Officer Ernie Leal was openly courting a fellow HPD officer he was obviously crazy about. The magnetism was taking hold even though the two had not yet had their first date.
Today, the female half of the couple admits she was initially hesitant – until she learned how deeply committed, honest, sincere and, yes, loving, this man in blue really was.
She joked that she almost always called him “Ernest” while his friends and fellow officers used the more informal “Ernie.” She said through a good-natured laugh that it made her sound in charge, like he was being supervised.
The proof of his earnest love and devotion started to unfold when Dee jokingly “demanded” proof that Leal was not married. The last thing she wanted to do was date a married man.
Proof of Sincerity
“If you’re married,” Officer Dee Cisneros said in a serious investigative mode of, well, a police officer, “I don’t want to see you. I want to see your divorce decree.”
She now laughs about the memory of her fellow patrol officer from North Command.
The next thing you know, Leal appeared at the residence of the object of his affection he presented Dee with a copy of his divorce paperwork.
“He went and got it,” she remembered in an interview in remembrance of her loving husband, who died of COVID on Nov. 27, the first HPD officer to die of the virus in the line of duty. “He didn’t get offended. It was a certified copy!”
She recalled her suitor saying, “I knew you wouldn’t believe me unless I got a certified copy.”
The HPD romance began in the early 2000s. Each stage has plenty of laughs and unforgettable moments. A certified decree proving you’re not married?
“Who does that?” Dee asked, recalling the presentation of the written decree. It wasn’t the first evidence of her future husband’s loving devotion and generosity.
As the story goes, after the presentation of the evidence came the official “first date.”
“I really didn’t want to date anybody,” Dee recalled. She and Leal had already gotten to know each other off-the-job and had often lunched together during work hours. She finally decided it was time to “do something” with the smiling admirer.
“I’m going to take you on a trip,” he avowed, putting all kinds of anxious concerns in Dee’s mind. “We’ve got to leave really early – 5:30 on a bus.”
So, on the weekend morning she and Leal boarded a charter with his fellow members of the Knights of Columbus and their wives to travel to Lake Charles for a day of gambling.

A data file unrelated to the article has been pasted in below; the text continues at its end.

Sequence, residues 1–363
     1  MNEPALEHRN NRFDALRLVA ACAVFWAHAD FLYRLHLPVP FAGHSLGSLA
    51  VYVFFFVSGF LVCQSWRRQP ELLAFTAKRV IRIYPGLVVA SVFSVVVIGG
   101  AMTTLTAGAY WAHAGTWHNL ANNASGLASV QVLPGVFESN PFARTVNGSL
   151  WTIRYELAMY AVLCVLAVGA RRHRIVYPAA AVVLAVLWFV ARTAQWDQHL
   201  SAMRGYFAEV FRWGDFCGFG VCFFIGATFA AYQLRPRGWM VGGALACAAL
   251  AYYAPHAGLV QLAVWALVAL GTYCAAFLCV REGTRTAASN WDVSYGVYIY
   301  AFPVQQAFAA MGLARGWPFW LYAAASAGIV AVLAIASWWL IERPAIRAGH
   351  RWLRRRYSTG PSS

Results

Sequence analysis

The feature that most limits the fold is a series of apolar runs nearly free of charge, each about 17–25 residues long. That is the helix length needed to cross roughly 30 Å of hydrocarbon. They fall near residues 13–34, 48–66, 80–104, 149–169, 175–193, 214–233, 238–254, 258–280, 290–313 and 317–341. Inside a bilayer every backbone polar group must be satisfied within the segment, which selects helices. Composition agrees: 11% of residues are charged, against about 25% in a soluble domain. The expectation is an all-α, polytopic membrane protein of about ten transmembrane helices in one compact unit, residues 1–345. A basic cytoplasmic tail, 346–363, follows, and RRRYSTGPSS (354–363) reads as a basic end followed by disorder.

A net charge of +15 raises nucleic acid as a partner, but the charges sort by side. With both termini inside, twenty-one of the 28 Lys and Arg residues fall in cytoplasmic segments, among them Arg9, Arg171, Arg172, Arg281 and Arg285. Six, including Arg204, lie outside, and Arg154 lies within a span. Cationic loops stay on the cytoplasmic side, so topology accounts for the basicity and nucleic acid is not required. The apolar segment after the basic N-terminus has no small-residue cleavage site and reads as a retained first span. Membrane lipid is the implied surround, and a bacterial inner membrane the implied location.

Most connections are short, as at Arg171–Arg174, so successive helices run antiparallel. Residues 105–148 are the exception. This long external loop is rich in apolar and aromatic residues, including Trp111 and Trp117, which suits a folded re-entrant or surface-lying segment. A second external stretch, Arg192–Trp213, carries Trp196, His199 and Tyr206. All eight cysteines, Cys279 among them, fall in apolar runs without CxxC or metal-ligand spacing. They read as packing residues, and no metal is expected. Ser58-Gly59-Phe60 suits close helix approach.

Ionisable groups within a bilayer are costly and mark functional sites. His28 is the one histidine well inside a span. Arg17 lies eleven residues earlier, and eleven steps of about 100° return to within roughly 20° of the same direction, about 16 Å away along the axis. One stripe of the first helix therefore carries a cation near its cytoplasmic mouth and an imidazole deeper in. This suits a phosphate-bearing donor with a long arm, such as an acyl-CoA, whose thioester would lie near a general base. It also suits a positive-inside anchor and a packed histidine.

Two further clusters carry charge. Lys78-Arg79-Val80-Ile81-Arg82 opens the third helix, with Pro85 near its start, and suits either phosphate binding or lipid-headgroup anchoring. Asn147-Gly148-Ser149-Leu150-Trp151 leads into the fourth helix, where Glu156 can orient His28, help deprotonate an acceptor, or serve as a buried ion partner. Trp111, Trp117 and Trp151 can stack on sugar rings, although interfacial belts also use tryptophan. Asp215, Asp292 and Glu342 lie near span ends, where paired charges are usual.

“The bus was completely loaded with people I didn’t know. We were the only two police officers. These were people he had known from his church. They loved him.”
Typically, some of these “gamblers” were more serious blackjack or poker players, while others just play the slots. Dee was in the latter category, as Ernie Leal knew she would be.
“He gave me a roll of quarters,” Dee recalled, laughing. “His thoughtfulness was very touching and moving to me. He never left my side. From the moment he took me to Kyle he was always around.”
Before we detail “the Kyle story,” we must reveal what happened to the roll of quarters.
During the early days of the courtship, both parties were veteran Houston police officers, Indeed, Dee was the second woman to become a part of the legendary HPD Chicano Squad. But both she and Leal spent most of their years on the force in the environs of what many in the department refer to as “North Shepherd.”
On the gambling trip, Dee was ready to spend her own money, independent, as always, despite this determined individual’s thoughtful concern.
Learning Where Kyle is
“It was a roll of quarters,” she said. “It wasn’t the amount; it was the thought. I had a budget and I didn’t want to spend it. I kept the roll. I never even spent any of it.”
It was the first example of Leal’s belief that he always wanted to be a good provider for the woman who would become his wife.
Dee Leal still has that same roll of unused quarters among many years of mementos and cherished memories that bring big smiles moistened with tears of grief from the biggest loss of her life.
This love story began, one might say, “on patrol” or “on the job.”
As an endless number of officers will testify, when eligible singles become available the word gets around. In this classic case, Carmen LeClere, an enterprising clerk in Homicide, eagerly told Dee about Officer Leal. LeClere, you might say, was the matchmaking type.
For as long as Dee graduated from HPD Cadet Class No. 108 in 1983 she has maintained her home in Kyle, a small town located between San Marcos and Austin. Dee said she stayed at LeClere’s house on Yale, which was only a short distance from the West Montgomery station.
Leal knew where Yale was and soon learned the location of Kyle, Texas, good and proper.
Let’s continue with the details of the love story.
Working patrol, Dee was at the scene of a robbery at the Bank of America at Shepherd and Pinemont. Suddenly she got deathly sick and requested a replacement. Fortunately, the robber had been caught and the serious tasks were in the rearview mirror. Dee needed to go to the hospital but first headed to Carmen’s house nearby.
Out of the blue another HPD officer appeared! It was Ernest Leal. Carmen was supposed to take Dee to the hospital but here was this officer who volunteered for the transportation task.
“I don’t know you that well,” she said to Leal. At this juncture they hardly knew each other. That changed very quickly.
And get this: Dee was doubled over with the pains of “just women’s stuff” and “didn’t want a strange man to go with me to the hospital.” He was a fellow police officer – but he was a stranger.
A while later, Dee – drugged-up for the pain – thought Carmen picked her up to take her home to Kyle, where her mother Lydia resided near her uncle and aunt’s house.
She slept most of the way. When she woke up she found herself in Leal’s personal car.
“What are you doing?” the alarmed patient exclaimed.
“I’m taking you home,” Leal replied.
Right by her Side
Well, he really didn’t know where she lived but had Carmen’s directions.